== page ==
Other than his addictive side(whether it be alcohol or drugs of any kind), I have pointed out before how he was also a "two-timer" for all of these record companies. He may have been a leader, but at the same time was a first class hustler who was ever loyal to record companies, at whatever costs. He would even do a midnight raid of one company to earn back trust. As we recall that story of him and the Emerson brothers raiding U.S. for Columbia, keep in mind that his gambling habit may have also forced more sneaky under-the-table deals with record companies. 
For the raid, that's how he covered his tracks...using The Phonoscope.
Other than that bust in 1897, and the one in 1894 or so with the North American lawsuit or that weird thing Columbia went through from 1893 to 1896. He clearly had his hands in that weirdness of Columbia around 1893, much like the second time Columbia almost died in 1896-97. Spencer's greed kept him in a smart place at all times in the early days, his hustling skills forced him to learn which companies were best to remain with. While it was a good thing in terms of remaining in the business, it also became part of the so-called "unsavory reputation" that Gaisberg described. 

So even with all of this information I've pieced together regarding his "bad side", I still have no candid evidence of this side to him, at least not from the most reliable sources(his family). But from what we can see, he was a wild man with lots of complicated layers to his soul. We often wonder about this so-called "unsavory reputation" regarding Spencer, with only bits and pieces of what it might actually be, though there is enough to slightly understand how his fellows at work saw and spoke of him. His friends at work often spread rumors about him, one of them was mentioned one of the Walsh articles, and it was kind of regarding his first wife(?), though the names were all out of whack:

...Margaret Agnes Kaiser, whose foster parents were named Allen, is the "Elizabeth Allen" that old-time Columbia officials thought Len married in a runaway match...

I still do not know for the life of me what "runaway match" means in this context, please, if someone knows please leave a comment on this post.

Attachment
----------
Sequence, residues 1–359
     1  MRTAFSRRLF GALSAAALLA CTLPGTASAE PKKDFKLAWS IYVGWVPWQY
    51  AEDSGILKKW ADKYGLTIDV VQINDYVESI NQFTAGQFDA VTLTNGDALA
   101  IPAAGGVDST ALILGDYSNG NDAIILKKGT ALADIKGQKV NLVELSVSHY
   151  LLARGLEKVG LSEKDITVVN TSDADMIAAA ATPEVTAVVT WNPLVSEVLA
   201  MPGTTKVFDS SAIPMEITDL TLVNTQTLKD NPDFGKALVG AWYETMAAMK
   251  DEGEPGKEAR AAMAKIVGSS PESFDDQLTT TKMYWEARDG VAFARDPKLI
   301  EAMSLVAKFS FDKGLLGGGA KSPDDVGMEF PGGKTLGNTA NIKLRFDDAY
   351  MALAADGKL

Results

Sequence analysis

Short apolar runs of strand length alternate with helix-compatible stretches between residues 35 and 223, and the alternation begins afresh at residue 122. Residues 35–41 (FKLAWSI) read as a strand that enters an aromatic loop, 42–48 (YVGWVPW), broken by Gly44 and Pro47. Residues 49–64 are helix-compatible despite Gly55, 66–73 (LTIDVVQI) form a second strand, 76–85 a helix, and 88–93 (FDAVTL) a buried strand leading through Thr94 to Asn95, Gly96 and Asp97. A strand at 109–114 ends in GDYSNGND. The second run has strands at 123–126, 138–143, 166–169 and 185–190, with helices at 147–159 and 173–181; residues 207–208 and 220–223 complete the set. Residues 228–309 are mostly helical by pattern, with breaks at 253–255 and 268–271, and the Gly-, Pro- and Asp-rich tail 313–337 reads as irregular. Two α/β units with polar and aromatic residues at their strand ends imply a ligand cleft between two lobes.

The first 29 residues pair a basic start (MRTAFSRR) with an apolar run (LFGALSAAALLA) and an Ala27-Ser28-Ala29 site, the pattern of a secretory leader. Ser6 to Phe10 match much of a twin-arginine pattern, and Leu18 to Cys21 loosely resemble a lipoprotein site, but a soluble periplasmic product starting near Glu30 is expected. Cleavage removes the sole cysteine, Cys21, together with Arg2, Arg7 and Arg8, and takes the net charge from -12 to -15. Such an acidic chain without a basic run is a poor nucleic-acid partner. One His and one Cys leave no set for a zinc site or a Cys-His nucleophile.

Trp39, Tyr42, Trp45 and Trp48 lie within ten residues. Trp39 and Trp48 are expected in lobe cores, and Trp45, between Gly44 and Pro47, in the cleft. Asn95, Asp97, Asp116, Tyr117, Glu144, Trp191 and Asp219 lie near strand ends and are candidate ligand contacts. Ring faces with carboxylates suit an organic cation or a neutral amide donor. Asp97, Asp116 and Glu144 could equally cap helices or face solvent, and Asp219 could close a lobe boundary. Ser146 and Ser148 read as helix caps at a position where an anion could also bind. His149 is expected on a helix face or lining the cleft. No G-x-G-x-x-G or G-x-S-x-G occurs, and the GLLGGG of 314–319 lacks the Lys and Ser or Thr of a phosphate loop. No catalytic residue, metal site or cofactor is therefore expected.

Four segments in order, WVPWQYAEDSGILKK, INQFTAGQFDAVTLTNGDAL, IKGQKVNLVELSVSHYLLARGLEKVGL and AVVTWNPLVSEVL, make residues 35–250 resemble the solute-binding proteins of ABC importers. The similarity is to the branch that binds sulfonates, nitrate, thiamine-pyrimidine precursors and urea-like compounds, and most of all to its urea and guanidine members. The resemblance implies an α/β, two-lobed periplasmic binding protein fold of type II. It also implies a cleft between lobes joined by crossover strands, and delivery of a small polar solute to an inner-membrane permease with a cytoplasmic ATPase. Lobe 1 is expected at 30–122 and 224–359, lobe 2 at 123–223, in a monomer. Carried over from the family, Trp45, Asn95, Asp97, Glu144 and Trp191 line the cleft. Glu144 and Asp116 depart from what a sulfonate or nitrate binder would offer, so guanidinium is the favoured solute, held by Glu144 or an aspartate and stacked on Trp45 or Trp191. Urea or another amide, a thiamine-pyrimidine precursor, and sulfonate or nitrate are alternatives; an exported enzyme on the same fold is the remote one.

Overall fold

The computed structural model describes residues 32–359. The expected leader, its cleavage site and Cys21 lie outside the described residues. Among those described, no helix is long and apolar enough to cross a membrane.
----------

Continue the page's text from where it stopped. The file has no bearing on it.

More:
Okay, at least that kind of explains where Spencer got that strange pseudonym from on his early records. Luckily, someone put up one of those highly desired records by Spencer with that strange "Gary Allen" pseudonym, so now we can hear one of them!
here's the c.1891-92 Columbia with Spencer using that pseudonym
Even though the speed doesn't really sound right, it's still clear that he sounded much different before 1895. He most certainly became a better singer as the years went on. It would be interesting to hear an early "Ethiopian song" that Spencer recorded, as by 1895 he was already well-known for such songs. 
Allow me to zoom in to the little thing on the top of the cover...
This tune was published right before the term "coon song" was used to describe these early "rag" songs. 

At this point, it seems I've said all I really need to say about this matter, since you all know my opinions and feelings regarding Len Spencer. Since it's his birthday when I'm putting this up, everyone ought to get out all their Spencer records, and luckily, there's quite a lot of them out there. 

Still hoping day by day that I am contacted by the descendants of this fantastic family, with so many fascinating characters baring the name Spencer.

Hope you enjoyed this! 


  1. You see multiple sides of Len's talent. His darkness is a part of what made him a better singer as he aged. Also it made him meaner and harder on loved ones. Not that it was good, but it was Len.

  2. You mention that Spencer's first marriage (supposedly to the "Elizabeth Allen" mentioned later in your piece) was when he was 18, and was also a disappointment to the family. A "runaway match" would imply an elopement between two people _who were underage_, at least to me; it seems likely _both_ Spencer and his bride were under 21.

    1. Oh of course! That would easily make sense, it just seemed unclear, but of course coming from Spencer's rough and tumble co-workers, that isn't too surprising.